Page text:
You will pry my Doors LPs from my cold dead fingers, world. We might be moving further away from the kind of unhinged rock star megalomania that Jim Morrison represents. We’ve come to realize that Morrison was kind of a bad person, and very definitely a sick person, and maybe we shouldn’t hero worship sick, bad people. Still, Morrison remains the Platonic ideal of the mentally unstable genius, and that shit is catnip for the romantic and sexual imagination. The entire premise of Morrison’s Messianic persona was that he was living life on a different spiritual level – not necessarily a more elevated one, but definitely removed from the ordinary realms of experience – and he could take you there, and though the journey might be difficult for you, you would emerge a changed person. That promise was fulfilled for fans who felt that the music had changed them in some way, in the safety of their own home. It was a much rougher journey for people who had the misfortune of actually having Jim Morrison in their lives. According to John Densmore, being in a band with Jim was very much like being in an abusive marriage, and that seems to be the general consensus. But the mystique of the very unstable genius persists, because we still want someone to take us through to the other side, against all better judgement.
In 1969 David Bowie caught his first big break when the release of Space Oddity coincided with the Apollo 11 space mission and subsequent moon landing. That event was greeted with worldwide celebration and optimism about our impending Utopian technofuture. What Bowie tapped into was the opposite of that, the creeping suspicion that all that technological innovation would bring nothing but sorrow. Every step of human progress, of course, has always been shadowed by the fear that technological dehumanization. The introduction of the printed word led to fierce debates about how all that pesky knowledge would cause widespread delinquency and endanger people’s souls by leading them away from God. Or whatever. The tech may change but the conversation is always the same: the availability of new gadgets will destroy human empathy, reasoning ability, social circles and fine motor skills, creating a society of mindless sad robot-people adrift with no sense of purpose or ability to form meaningful connections with one another. Space travel is that, placing quite literally alienated humans alone in an environment where they have no business ever existing. The image of the lone astronaut floating through the void has been as haunting and disturbing as the idea of colonizing new worlds is gung-ho and exciting. It also makes a powerful metaphor for the various alienations we experience in normal life; the office cubicle, the MRi machine, the commuter vehicle, the empty McMansion, the prison cell, the nuclear submarine – they’re all symbols of untethered lonely lives lived by people who might as well be in outer space.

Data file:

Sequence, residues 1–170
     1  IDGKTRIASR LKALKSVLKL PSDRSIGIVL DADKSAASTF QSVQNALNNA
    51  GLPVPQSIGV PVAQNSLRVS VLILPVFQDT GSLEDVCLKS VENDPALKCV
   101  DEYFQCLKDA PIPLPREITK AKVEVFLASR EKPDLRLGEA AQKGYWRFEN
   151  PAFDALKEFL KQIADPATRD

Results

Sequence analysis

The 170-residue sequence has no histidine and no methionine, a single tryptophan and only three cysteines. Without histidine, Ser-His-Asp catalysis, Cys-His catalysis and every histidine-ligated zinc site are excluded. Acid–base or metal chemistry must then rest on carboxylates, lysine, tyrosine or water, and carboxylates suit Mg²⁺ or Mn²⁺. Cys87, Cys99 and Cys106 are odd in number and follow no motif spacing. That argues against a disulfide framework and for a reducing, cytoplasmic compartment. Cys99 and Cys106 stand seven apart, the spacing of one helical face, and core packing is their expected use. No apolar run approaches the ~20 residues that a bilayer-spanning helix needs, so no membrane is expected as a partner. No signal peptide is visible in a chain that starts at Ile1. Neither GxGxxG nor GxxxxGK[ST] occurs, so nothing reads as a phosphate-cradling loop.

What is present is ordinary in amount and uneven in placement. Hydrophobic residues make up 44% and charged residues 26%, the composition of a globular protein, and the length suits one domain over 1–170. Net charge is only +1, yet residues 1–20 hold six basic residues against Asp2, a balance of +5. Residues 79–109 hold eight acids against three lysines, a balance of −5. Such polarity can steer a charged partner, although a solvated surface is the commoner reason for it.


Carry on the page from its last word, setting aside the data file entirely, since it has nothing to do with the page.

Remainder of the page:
You can’t have a movie about sad people set in the 1960’s without Simon & Garfunkel’s famous refrain about loneliness and alienation. It’s just one of the rules of Lazy Writing 101. Which cheapens the magic of the song with overfamiliarity. Setting aside what I like to call The Cameron Crowe Effect*, try to listen to it like you haven’t heard it a thousand times before. Is there really a better ode to being young and mildly disgruntled? It’s the very, very specific brand of sadness that comes from being a young person who thinks the reason they’re so lonely is because they’re too special for the boring old world around them, and they feel alienated and at loose ends but not too much because they probably have really good taste in scarves. You can see, of course, why everyone wants that sentiment in their movie.
*Cameron Crowe is a film director known for using pop songs as a substitute for character development.